In a sector as diverse as financial services, it’s sometimes difficult to understand why all the companies in the sector are lumped together. Home to banks, brokerage firms, insurance companies, leasing companies, and asset management firms, this sector’s performance often leaves half its companies flourishing while the others struggle for breath. The ability to play on this sector’s instability is one reason why Anton Schutz, manager and founder of the Burnham Financial Services Fund (BURKX), has thrived in an economy where so many have floundered.
“You literally have to break this sector out into specialties because there are so many opportunities,” says Schutz, president of Mendon Capital Advisors Corp. in Rochester, New York, which runs the fund for Burnham Asset Management. “You have to look at the entire picture, including interest rates and the economy.” With one trader and two analysts, BURKX invests in companies overlooked by most other funds. “In the smaller-cap ones there are few analysts following them,” he says. “This gives you an edge.” But Schutz’s search is not limited to lesser-known angels. He looks for both small- and mid-cap firms that appear to be temporarily undervalued and to those that may be targets for acquisition by larger companies. And while he remains almost fully invested, with less than 7% in cash and equivalents, his turnover rate hovers somewhere above the 500% mark (his peers currently average a 177% turnover).
For the three-year period ended February 28, 2003, Burnham Financial Services Fund/A had an average annualized total return of 38.6%, versus a total return of -13.7% for the S&P 500 Composite Index, and -8.4% for all equity sector funds, according to Standard & Poor’s. This fund ranked first within the entire universe of 769 funds in S&P’s peer group. Both Morningstar and S&P have awarded this fund five stars.
“It’s interesting to me that headlines are saying mergers and acquisitions are way down, and financial services are in the ninth inning of the game. In 1990, there were 15,000 banks, and today there are 9,000. We’re in the middle inning of the game, and there is a lot more [playing] to be done.”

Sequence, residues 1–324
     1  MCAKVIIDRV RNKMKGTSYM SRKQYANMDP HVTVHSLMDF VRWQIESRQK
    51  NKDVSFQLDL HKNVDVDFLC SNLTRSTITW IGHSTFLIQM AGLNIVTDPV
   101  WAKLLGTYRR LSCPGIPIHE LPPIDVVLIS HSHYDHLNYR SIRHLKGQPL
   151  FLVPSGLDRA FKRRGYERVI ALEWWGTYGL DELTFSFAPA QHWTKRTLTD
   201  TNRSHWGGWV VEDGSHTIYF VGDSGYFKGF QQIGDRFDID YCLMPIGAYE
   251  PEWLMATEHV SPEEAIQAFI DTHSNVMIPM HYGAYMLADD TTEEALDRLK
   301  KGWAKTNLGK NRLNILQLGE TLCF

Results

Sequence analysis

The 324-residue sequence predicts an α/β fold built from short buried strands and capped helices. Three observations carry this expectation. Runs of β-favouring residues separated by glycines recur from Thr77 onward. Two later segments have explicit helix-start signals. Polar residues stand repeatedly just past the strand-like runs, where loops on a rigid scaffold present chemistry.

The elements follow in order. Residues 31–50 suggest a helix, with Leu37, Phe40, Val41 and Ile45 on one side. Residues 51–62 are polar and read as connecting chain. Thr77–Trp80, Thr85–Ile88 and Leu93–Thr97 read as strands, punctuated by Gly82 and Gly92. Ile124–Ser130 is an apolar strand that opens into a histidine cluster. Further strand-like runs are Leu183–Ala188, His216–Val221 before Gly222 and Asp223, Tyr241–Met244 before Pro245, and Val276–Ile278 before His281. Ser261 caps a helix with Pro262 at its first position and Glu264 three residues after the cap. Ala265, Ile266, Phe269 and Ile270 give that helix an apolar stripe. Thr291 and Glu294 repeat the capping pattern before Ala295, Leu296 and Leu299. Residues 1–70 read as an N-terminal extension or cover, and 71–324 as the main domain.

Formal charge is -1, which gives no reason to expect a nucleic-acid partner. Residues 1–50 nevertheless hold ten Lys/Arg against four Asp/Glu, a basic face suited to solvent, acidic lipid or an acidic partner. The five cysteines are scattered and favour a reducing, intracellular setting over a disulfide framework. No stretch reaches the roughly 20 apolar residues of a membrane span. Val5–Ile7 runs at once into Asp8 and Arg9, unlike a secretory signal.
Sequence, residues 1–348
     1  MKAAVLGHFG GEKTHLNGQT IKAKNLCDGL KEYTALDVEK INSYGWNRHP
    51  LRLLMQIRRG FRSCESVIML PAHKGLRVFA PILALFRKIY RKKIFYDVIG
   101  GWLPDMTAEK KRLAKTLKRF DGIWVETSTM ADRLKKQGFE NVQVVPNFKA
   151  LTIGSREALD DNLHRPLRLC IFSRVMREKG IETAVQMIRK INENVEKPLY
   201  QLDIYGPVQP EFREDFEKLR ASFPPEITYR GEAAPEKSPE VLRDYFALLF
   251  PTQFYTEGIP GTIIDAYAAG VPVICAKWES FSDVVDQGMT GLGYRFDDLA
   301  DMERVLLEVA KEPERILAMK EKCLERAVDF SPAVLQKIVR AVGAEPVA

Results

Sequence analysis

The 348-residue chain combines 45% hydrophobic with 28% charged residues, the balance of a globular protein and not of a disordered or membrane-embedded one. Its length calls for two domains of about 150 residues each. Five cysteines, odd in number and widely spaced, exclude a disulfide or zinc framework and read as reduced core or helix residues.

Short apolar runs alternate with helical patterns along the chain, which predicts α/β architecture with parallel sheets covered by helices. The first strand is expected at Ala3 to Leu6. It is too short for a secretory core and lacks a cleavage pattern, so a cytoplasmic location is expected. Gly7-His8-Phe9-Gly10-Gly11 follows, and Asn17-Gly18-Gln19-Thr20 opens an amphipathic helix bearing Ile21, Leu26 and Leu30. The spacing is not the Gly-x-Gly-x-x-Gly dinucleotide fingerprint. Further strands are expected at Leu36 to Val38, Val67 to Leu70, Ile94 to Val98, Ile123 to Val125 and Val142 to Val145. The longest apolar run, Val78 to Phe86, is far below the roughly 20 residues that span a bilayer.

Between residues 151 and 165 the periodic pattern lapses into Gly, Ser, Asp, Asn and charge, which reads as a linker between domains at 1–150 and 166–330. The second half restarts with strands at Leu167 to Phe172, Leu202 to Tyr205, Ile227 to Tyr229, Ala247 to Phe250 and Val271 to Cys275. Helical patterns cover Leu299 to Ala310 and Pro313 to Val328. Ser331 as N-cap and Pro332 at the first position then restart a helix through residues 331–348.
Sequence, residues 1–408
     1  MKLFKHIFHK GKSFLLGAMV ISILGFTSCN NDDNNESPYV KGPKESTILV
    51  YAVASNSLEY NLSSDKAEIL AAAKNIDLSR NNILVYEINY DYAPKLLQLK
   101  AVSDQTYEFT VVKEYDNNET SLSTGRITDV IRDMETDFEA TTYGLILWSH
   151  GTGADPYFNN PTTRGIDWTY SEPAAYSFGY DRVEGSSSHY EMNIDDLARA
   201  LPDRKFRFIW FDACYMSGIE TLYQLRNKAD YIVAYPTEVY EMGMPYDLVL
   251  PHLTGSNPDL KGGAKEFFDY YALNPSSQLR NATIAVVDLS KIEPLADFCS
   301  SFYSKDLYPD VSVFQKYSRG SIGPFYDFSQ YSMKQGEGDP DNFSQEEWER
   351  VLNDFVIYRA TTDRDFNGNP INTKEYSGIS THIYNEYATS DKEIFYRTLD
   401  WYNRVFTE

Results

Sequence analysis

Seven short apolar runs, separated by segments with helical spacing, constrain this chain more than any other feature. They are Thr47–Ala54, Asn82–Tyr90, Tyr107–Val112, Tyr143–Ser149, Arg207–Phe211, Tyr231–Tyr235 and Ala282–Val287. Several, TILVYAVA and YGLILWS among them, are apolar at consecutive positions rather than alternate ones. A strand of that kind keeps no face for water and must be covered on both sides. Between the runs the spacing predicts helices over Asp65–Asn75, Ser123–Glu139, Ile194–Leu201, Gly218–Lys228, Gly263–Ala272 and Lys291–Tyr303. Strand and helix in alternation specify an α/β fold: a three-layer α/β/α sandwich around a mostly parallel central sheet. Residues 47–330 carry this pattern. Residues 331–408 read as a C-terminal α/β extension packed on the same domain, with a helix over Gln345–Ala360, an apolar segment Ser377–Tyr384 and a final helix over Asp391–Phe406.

BURKX is the only fund Schutz manages, and he has a large amount of his own money invested in it. But before you begin pitching this fund in your next client meeting, remember its high expense ratio, 1.60%, its 5% front-end sales load (waived for advisory platforms), and that high turnover rate.
On a visit to New York, Schutz talked about why financials are the place to be, why it’s profitable to look at companies that are down but not out, and which investors he expects would benefit most from his fund.
Your company’s literature says this fund is based on “proprietary research techniques.” Can you tell me what that includes? A lot. There is a tremendous amount of data and intuition that goes into it, but it all starts with a macro view. First, you have to look at the entire picture. Then you look at the financials sector, which is really a series of subsectors, and decide which parts you want to be in. Then you take a bottom-up approach and pick the names you think are going to outperform within those subsectors.
The second part of the research is more actuarial. The smaller-cap companies, like the savings and loans, actually have a “lifespan.” The reasons these companies go public for the most part is to enhance the wealth of the depositors and the management. When these companies do go public, at six months of age the managers are granted 4% of the company’s stock as options. At one year, they are granted to buy an unlimited amount of stock back; typically these companies have way too much capital and the regulators force that on them when they go public. Then at three years, they can sell the company without asking the regulators for permission.
So you can literally go out and age a portfolio and harvest companies at these various stages. At six months you can buy stock because it is not very liquid, but [there's] room for gain. Then you want to buy again at one year.
Your fund seeks opportunities among lesser-known financial institutions because fewer analysts typically follow these companies. Yes, in the smaller-cap ones there are few analysts following them, and this gives you an edge.
Today, I am going to visit a bunch of bank CEOs who are playing golf. I am a terrible golfer, but if it gives me a chance to spend four hours with them, I am happy to absorb as much information as I can. Every bit of information helps, even the smallest. There are subtleties like body language, and even the physical appearance and health of a management team that matter. When you think about these people who are in their late 50s and early 60s, they are starting to think more about golf and less about making money. And you start to think that maybe these guys are sellers.